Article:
Debilitating and often incurable, neurodegenerative diseases could affect over 12 million Americans by 2030 (1). Finding treatments – or, even better, cures – for these conditions is a high priority. But first, we need to understand them.
High levels of metal ions in the cerebrospinal fluid (CSF) are currently thought to play a key role in protein misfolding – a hallmark of neurogenerative disorders – so a multinational team of researchers developed a method for simultaneous redox speciation of iron (II/III), manganese (II/III), and copper (I/II). Based on strong cation exchange chromatography and inductively coupled plasma sector field mass spectrometry (ICP-sf-MS), the new method was optimized and tested using real CSF samples taken from amyotrophic lateral sclerosis (ALS) patients and neurologically healthy controls (2).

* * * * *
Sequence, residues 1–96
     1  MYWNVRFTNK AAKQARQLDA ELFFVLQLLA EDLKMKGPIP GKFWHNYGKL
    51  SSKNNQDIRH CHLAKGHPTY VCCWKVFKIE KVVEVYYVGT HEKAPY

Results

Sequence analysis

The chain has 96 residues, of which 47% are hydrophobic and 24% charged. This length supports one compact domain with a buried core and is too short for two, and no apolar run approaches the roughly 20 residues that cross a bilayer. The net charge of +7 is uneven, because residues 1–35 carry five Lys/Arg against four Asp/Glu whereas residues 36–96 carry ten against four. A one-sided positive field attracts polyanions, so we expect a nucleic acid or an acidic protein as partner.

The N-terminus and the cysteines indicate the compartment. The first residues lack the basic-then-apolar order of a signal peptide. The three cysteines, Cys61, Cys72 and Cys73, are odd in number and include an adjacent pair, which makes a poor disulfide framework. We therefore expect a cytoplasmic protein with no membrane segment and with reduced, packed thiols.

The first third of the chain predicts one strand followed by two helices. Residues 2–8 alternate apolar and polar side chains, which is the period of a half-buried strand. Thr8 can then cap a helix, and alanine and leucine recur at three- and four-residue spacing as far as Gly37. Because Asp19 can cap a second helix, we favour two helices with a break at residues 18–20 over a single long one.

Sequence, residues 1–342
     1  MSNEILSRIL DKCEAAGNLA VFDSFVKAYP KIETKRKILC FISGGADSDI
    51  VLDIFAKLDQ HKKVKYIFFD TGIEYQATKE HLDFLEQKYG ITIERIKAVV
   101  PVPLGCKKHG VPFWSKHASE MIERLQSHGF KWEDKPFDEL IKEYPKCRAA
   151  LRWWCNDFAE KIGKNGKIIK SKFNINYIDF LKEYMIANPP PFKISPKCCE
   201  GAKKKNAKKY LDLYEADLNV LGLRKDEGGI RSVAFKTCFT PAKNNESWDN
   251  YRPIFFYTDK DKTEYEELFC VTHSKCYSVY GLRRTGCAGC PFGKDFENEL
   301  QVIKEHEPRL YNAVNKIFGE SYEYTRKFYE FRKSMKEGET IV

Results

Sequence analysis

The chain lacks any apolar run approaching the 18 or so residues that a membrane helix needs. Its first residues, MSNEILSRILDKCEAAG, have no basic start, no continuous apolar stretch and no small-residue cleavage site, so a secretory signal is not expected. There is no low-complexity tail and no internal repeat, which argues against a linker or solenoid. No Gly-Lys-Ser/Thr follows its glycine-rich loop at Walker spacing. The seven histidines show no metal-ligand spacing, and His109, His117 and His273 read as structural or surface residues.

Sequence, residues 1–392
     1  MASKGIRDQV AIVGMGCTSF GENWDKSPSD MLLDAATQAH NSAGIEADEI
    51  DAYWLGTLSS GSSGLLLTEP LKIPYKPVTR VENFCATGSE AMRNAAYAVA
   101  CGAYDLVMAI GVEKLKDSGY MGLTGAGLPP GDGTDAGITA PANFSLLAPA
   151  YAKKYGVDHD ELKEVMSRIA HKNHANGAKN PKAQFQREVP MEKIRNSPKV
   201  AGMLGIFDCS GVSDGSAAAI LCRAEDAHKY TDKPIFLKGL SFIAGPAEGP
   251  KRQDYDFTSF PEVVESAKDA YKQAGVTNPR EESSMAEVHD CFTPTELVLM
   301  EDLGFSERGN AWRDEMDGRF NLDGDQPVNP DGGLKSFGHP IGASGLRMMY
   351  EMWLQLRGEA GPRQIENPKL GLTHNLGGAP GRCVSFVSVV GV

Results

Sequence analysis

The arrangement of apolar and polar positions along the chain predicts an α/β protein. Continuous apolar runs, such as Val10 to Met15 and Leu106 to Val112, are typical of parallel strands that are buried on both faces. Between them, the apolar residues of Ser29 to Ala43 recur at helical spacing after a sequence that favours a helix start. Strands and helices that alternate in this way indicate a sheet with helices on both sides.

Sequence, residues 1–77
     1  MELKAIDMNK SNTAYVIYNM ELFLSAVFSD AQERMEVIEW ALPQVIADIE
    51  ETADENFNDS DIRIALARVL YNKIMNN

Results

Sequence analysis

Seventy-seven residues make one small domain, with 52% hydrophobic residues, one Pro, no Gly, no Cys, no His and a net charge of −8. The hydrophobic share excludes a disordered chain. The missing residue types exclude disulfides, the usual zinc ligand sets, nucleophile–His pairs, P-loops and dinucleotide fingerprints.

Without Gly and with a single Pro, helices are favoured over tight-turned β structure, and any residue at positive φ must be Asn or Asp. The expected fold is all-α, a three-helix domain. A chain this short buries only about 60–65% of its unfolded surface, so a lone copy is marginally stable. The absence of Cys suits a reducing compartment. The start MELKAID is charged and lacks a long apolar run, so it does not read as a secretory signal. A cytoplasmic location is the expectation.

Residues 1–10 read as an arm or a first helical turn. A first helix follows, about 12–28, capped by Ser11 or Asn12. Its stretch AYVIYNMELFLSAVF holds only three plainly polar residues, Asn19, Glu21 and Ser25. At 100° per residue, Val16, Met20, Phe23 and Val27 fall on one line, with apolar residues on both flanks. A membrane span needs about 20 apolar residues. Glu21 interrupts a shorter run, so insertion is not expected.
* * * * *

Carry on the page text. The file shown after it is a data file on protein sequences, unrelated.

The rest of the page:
Enjoy our FREE content!
Log in or register to read this article in full and gain access to The Analytical Scientist’s entire content archive. It’s FREE and always will be!
If you don’t have an account you can:
REGISTER NOW – it’s FREE and always will be!
You will benefit from:
- Unlimited access to ALL articles including Application Notes
- News, interviews & opinions from leading industry experts
- Receive print (and PDF) copies of The Analytical Scientist magazine
Or Login as a Guest or via Social Media
This will allow you to read this article but you will only have limited access to The Analytical Scientist.Login as Guest Facebook Google+ LinkedIn Twitter